In the day and age when home prices in the Washington, DC metro area are reaching all-time highs, renting can be a lucrative business in the District. While assistance on the mortgage or extra spending money might sound appealing, it comes at a cost. The District regulates all forms of renting and certain formalities must be met before a housing provider is able to offer a property for rent or possibly face some stiff fines. Complying with the required formalities can be expensive, frustrating, and confusing as it involves three different District agencies, numerous documents, and numerous fees.

In order to become a housing provider in the District and you are not already a corporation, limited liability company, partnership, or in some cases a trust, a company must be created. The housing provider will need to create a company by registering Articles of Incorporation, obtaining a Business Tax Registration through the Office of Tax and Revenue and paying the associated fees.

Then, in accordance with D.C. Code 47-2851.03, the housing provider must obtain a Basic Business License. As part of the application, the housing provider will need to obtain a Certificate of Occupancy if the housing accommodation is for two or more rental units and file a Clean Hands Certification. And of course, a license fee and a rental unit fee will need to be paid. If the intended rental is a single-family home, town home, duplex, individual condo unit or individual room, a housing inspection will be scheduled and conducted to ensure the property is in compliance with the District’s housing code regulations. If all requirements are not met within 45 days from the issuance of the license, the Basic Business License may be revoked, fees paid may be forfeited, and an assessment of additional administrative and civil penalties is possible.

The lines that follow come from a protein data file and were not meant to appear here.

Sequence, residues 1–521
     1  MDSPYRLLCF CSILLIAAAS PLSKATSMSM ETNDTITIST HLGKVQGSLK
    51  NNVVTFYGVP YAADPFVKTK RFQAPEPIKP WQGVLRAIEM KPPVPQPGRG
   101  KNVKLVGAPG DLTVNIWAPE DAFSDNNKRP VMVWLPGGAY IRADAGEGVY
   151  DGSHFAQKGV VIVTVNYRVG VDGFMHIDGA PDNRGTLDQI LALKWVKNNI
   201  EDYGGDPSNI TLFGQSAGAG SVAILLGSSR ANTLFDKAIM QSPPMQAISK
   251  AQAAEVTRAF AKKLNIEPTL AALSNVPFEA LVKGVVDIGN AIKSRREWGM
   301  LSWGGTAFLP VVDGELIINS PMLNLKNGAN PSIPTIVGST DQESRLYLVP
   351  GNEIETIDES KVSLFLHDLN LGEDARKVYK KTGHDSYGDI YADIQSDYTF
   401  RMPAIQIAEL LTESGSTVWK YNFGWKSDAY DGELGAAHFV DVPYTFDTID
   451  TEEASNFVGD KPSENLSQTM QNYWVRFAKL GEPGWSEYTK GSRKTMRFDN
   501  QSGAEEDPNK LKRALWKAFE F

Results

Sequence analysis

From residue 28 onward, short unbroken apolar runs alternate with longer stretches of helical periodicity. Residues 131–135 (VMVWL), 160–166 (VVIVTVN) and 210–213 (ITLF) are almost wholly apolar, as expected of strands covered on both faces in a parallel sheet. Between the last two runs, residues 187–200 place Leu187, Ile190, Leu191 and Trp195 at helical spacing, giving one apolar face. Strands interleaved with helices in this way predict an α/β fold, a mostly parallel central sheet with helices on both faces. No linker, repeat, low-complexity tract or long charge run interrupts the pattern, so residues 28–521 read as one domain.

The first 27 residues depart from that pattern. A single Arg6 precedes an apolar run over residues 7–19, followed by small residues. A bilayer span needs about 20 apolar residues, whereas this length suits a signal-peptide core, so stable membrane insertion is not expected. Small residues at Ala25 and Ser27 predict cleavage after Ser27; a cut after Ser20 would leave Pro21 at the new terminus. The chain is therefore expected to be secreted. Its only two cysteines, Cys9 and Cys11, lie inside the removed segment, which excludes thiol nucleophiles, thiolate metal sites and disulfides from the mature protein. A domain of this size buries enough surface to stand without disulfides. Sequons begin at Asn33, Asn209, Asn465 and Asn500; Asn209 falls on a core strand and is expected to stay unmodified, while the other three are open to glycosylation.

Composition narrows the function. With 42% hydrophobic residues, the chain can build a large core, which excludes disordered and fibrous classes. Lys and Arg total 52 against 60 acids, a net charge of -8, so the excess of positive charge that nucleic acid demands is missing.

After the Basic Business License application is approved and all the associated fees are paid, the housing provider must file a Registration/Claim of Exemption Form with the Department of Housing and Community Development, Rental Accommodations Division in order to be assigned a Landlord Registration number or an Exemption Number. Last, but not least, the associated fees must be paid.

Failure to comply with these formalities can result in fines as high as $2,000 as a certain couple found out recently while renting to former EPA Administrator Scott Pruitt. While this process can be complicated, Johnson Law Group can assist you in creating a company, obtaining a tax identification, filing the Basic Business application, and obtaining a Landlord Registration/Exemption number. Our lawyers can also assist you if you are already a housing provider but need assistance in complying with all of the District’s formalities. Contact our office for a free consultation today.